Published 15 Nov 2011
The last untouched realm of life on the Earth is about to be opened up for scientific exploration. These are the subglacial lakes of Antarctica - vast, dark bodies of prehistoric water, which have been sealed under kilometres of ice for hundreds of thousands or millions of years. Andrew Luck-Baker looks at the science and the ambitious plans behind their exploration.
Russian scientists are poised to penetrate the largest, Lake Vostok, with a conventional drill next January. They have been drilling their way towards the lake top for several years now, located at their research station where the lowest temperature ever measured on the planet was recorded, -90 degrees C.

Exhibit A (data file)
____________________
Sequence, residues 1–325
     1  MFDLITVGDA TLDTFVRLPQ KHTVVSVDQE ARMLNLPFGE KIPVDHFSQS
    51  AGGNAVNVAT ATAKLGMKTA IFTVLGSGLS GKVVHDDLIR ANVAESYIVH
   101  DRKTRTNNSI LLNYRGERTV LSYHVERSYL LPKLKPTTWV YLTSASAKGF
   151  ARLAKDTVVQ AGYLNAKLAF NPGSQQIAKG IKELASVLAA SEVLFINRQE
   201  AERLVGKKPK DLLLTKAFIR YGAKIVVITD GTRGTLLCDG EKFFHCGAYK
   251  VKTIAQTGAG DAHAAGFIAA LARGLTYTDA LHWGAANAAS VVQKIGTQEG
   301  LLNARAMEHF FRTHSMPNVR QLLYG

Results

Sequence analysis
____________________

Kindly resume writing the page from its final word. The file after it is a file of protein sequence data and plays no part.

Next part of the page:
But the British may beat them when it comes to profound discoveries about subglacial lakes. In December this year, a UK team will set up its own extraordinary ice 'drilling' operation, three kilometres above Lake Ellsworth on the other side of the frozen continent. Lake Ellsworth is roughly the size of Lake Windermere. The UK's audacious plan entails melting a narrow 3.5 kilometre long hole into that lake with a jet of near- boiling water. The scientists will deploy a probe into the depths of the hidden lake to take readings and samples from top to bottom. This stage of NASA-style mission is scheduled for December 2012. It involves scientists and engineers from the British Antarctic Survey and a number of British universities.
This article was published on Aug 16, 2010